Some financial advisors/agents find themselves running their business in a constant state of anxiety. A few examples of this are: putting out client fires, rushing off to meetings (in today’s world via video conference calls) and assessing every changing market conditions. Unfortunately, when this is the norm rather than the exception and you add in a global pandemic you can bet that growing, managing and maintaining a business is more challenging than ever.
Rose Kennedy said it best, “Neither comprehension nor learning can take place in an atmosphere of anxiety.”
Have you been running your business in an atmosphere of anxiety lately and as a result not comprehending how to best connect with your clients/prospects? And, what about this learning curve we have all found ourselves collectively on, what have been your takeaways from all of the uncertainty the past several months?
I strongly believe that there are always opportunities within any obstacle. If anxiety is a hurdle that you are experiencing then the opportunity that you have is to learn how to manage your anxiety during these uncertain times.
The following is a step-by-step process that I have utilized with one of my veteran financial advisor clients to aid him in getting off the emotional roller coaster he created during a moment of crisis.
Step 1: Identify the Cause of your Anxiety
You can never hit a target you can’t see and that is why the first step is to identify the cause of your anxiety. It might be a series of events or in the following case it might just be one. Whatever the reason, it’s obviously something that you feel is important.
Ron S. has over twenty years of experience in financial services and he would have described his emotional state as calm. That was until his assistant was out of the office for a week and he discovered fourteen client files on her desk. After reviewing each file he realized that each one had something that needed to be addressed. His state of calm grew to one of anxiety in seconds. He recognized this was because his clients needed attention (all 14) in some manner and he was without anyone to help him.
Step 2: Know your Desired Outcome
The second step is to know exactly how you will address your anxiety.
Ron knew what he needed to do. Unfortunately, those very things were contributing to his anxiety. He was also creating an unrealistic expectation on himself to complete it all within a timeline that wasn’t doable.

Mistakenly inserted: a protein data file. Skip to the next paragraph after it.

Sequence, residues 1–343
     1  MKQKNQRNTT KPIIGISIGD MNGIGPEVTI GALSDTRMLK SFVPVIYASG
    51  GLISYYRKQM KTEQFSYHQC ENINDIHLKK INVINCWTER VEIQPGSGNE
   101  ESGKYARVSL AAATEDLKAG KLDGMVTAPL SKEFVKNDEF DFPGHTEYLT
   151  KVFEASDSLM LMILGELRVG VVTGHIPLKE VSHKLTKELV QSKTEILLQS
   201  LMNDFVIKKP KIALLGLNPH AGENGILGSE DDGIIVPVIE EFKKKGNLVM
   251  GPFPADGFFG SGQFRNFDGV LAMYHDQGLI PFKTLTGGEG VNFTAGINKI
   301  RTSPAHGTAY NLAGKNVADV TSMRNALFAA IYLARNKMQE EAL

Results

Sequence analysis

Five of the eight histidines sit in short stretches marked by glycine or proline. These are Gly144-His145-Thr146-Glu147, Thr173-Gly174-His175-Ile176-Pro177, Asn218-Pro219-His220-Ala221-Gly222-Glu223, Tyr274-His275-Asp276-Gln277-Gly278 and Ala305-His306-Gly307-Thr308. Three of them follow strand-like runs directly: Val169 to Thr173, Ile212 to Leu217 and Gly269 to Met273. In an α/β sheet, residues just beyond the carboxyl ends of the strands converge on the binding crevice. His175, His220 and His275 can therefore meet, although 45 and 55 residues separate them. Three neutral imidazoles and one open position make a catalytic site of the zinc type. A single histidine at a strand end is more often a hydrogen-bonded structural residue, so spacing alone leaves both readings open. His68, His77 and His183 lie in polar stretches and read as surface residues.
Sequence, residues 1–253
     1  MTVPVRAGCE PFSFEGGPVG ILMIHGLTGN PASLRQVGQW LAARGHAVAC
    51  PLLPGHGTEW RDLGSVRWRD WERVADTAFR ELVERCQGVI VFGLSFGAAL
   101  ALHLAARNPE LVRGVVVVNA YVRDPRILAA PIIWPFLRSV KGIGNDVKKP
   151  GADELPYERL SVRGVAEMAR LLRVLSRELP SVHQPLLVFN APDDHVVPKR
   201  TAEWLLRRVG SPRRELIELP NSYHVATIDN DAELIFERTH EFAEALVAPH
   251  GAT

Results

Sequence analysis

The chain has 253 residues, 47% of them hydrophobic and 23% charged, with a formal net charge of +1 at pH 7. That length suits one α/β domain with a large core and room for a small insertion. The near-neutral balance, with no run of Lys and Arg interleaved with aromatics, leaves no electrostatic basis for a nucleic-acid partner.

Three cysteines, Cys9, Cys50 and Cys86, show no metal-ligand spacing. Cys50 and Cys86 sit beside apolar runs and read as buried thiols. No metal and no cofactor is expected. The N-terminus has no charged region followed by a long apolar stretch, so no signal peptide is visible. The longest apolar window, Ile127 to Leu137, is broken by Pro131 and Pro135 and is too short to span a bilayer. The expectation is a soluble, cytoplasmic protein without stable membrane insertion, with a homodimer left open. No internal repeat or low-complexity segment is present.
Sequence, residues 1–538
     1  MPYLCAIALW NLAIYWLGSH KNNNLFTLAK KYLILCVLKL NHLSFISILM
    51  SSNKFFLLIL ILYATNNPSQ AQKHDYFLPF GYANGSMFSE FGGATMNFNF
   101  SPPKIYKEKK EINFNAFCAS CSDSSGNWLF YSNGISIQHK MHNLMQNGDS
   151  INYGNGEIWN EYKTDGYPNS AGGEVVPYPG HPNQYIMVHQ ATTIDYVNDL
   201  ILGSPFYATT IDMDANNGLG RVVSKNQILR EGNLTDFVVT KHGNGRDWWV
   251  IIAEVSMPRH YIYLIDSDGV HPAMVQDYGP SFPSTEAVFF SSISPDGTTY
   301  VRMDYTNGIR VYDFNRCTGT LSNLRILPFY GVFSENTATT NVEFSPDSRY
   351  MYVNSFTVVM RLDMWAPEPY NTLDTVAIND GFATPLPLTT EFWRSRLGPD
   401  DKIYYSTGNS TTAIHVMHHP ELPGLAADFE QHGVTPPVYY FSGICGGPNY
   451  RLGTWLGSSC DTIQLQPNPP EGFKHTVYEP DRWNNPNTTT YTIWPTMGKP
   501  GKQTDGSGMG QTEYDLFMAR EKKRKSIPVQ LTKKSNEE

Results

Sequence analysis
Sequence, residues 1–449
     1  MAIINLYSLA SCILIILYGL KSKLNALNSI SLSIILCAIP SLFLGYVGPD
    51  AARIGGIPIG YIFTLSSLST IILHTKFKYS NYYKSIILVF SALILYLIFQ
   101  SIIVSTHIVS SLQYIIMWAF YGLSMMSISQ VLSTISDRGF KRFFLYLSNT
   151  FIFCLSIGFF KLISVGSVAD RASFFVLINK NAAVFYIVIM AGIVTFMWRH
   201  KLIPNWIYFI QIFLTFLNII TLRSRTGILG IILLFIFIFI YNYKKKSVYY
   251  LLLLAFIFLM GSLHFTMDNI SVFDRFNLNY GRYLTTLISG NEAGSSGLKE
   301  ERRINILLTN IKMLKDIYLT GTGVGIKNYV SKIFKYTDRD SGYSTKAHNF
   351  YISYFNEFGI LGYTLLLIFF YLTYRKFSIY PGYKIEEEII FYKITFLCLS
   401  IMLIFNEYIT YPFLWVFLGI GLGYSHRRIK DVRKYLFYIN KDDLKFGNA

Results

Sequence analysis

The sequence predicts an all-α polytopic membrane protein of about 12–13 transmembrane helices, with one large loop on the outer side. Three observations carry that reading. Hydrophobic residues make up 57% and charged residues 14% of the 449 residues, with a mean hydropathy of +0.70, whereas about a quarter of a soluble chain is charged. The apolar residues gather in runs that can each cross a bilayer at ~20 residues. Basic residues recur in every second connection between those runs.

Step 3: Prioritize & Visualize your Tasks
The third step is to prioritize all tasks so you can visualize what exactly needs to be accomplished and in what order.
A tool I use with clients is the Time Matrix To-Do List (TMTD) which is a resource for prioritizing “to-dos”. Each task is assigned one of four time horizons for being completed: now, today, this week and whenever. When Ron initially filled out his TMTD, he had listed only two of the fourteen tasks, both of which he thought were “now” items. When I asked him why he didn’t add the other tasks he said he was too busy to do so. I had him add all of the other tasks so he could see the big picture. Next, we reviewed the list in greater detail and he came to the realization that none of the tasks were actually urgent. In fact, only four items required attention that day, six that week and four could be done whenever. Instantly, having re-prioritized he felt immensely in control and relieved.
Step 4: Take Action & Assess Results
The fourth step is to take action and consistently assess and evaluate your results.
Ron went to work on the four tasks that needed to be done that day. The next week we reviewed his results and he found that he had completed everything that he had mapped out. Having done so reduced his level of anxiety and allowed him to focus much better on the tasks at hand.
Why Having a System to Manage your Anxiety Works
When it comes to anxiety you really only have two choices, you can have a system to manage your anxiety or you can have your anxiety manage you. The reason why the above steps work is because they break down the source of what’s causing the anxiety into manageable action steps. This way you are not viewing everything at once but one thing at a time.